Ancient Mars may have had the right environmental conditions to support a subterranean world filled with microscopic organisms, researchers say. These microbes are known to thrive in extreme conditions on earth.
Scientists at the University of Arizona determined that if primary life forms did ever exist on Mars, they would have drastically altered the planet’s atmosphere, resulting in an ice age that would have led to their own extinction.
The study, which was published in the journal Nature Astronomy, analyzed the habitability of Mars around 4 billion years ago. Lead author Boris Sauterey and his team used climate and terrain models to simulate the temperatures at the surface and crust of the red planet.
“This allowed us to evaluate how plausible a Martian underground biosphere would be. And if such a biosphere existed, how it would have modified the chemistry of the Martian crust, and how these processes in the crust would have affected the chemical composition of the atmosphere.”
At the time, the planet is believed to have had a much denser atmosphere, rich in carbon dioxide and hydrogen. The temperate climate would have likely led to a planet teeming with water, capable of better sustaining life than it is today.
The areas that were free of ice could have housed these organisms in a manner similar to early earth. Methanogens, known to exist in low-oxygen, extreme temperature and high-pressure conditions on earth, may have thrived underneath a thick layer of dirt protecting them from incoming radiation.
The atmosphere would have been thrown off kilter with the amount of hydrogen consumed from its carbon-dioxide-rich atmosphere, causing temperatures to drop by nearly 400 degrees Fahrenheit. The atmosphere “would have been completely changed by biological activity very rapidly, within a few tens or hundreds of thousands of years,” Sauterey said.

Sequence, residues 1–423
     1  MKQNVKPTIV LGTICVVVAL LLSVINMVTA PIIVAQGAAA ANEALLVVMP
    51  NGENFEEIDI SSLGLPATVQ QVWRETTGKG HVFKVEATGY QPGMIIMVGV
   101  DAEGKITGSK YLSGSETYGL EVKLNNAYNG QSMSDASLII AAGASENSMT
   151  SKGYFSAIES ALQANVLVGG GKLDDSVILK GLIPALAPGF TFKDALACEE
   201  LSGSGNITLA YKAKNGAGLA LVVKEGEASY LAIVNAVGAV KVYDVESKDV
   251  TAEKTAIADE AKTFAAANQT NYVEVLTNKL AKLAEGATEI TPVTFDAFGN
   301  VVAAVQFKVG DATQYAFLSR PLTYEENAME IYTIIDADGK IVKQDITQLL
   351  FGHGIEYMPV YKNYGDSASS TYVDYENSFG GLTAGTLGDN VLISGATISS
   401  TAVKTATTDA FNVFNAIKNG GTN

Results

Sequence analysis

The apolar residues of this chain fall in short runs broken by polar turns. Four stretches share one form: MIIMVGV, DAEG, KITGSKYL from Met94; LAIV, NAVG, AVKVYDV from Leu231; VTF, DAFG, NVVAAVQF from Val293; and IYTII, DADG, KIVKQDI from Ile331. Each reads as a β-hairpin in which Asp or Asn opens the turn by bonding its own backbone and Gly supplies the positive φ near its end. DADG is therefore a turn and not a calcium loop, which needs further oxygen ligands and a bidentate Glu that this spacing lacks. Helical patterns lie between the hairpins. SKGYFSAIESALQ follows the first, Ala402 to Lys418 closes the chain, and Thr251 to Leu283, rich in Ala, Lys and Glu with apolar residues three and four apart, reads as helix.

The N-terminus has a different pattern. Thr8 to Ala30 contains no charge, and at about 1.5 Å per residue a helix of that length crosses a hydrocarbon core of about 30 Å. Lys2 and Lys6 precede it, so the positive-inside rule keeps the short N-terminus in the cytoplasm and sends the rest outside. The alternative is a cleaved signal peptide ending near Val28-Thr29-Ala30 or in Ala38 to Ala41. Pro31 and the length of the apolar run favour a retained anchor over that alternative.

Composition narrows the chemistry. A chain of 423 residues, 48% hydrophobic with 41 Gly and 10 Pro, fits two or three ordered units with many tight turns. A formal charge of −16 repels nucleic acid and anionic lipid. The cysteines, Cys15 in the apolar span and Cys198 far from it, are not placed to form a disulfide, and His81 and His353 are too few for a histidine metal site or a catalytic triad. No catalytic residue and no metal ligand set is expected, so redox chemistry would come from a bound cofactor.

The microorganisms living near the surface would have burrowed deeper into the crust in an effort to survive the rapidly dropping temperatures.
“The problem these microbes would have then faced is that Mars’ atmosphere basically disappeared, completely thinned, so their energy source would have vanished, and they would have had to find an alternate source of energy. In addition to that, the temperature would have dropped significantly, and they would have had to go much deeper into the crust. For the moment, it is very difficult to say how long Mars would have remained habitable.”
This evolution of the atmosphere would have been different from earth, where microbes helped maintain the proper temperatures in an atmosphere dominated by nitrogen.
Kaveh Pahlevan of the SETI Institute led another study that suggested Mars had warm oceans that persisted through millions of years. The hydrogen-dense atmosphere would have served as a greenhouse gas, trapping heat. Much of the hydrogen would eventually rise and dissipate into the atmosphere.
“This finding is significant because H2 is known to be a strong greenhouse gas in dense environments. This dense atmosphere would have produced a strong greenhouse effect, allowing very early warm-to-hot water oceans to stabilize the Martian surface for millions of years until the H2 was gradually lost to space. For this reason, we infer that—at a time before the earth itself had formed—Mars was born wet.”
The University of Arizona study analyzed the influence microbes had on Mars’ atmosphere during a different period when it was primarily dominated by carbon dioxide.
Pahlevan added in an email to The Guardian, “what their study makes clear, however, is that if life were present on Mars” during this earlier period, “they would have had a major influence on the prevailing climate.”
Future exploration projects on Mars may provide a clearer picture of potential life on early Mars. Researchers identified Hellas Planitia, a plain formed by the impact of a giant asteroid early in Mars’ history, as a site for possible evidence. However, the plain is home to some of the planet’s strongest dust storms, making it too challenging to be explored by autonomous rovers right now.
Moumita Basuroychowdhury is a Contributing Reporter at The National Digest. After earning an economics degree at Cornell University, she moved to NYC to pursue her MFA in creative writing. She enjoys reporting on science, business and culture news. You can reach her at firstname.lastname@example.org.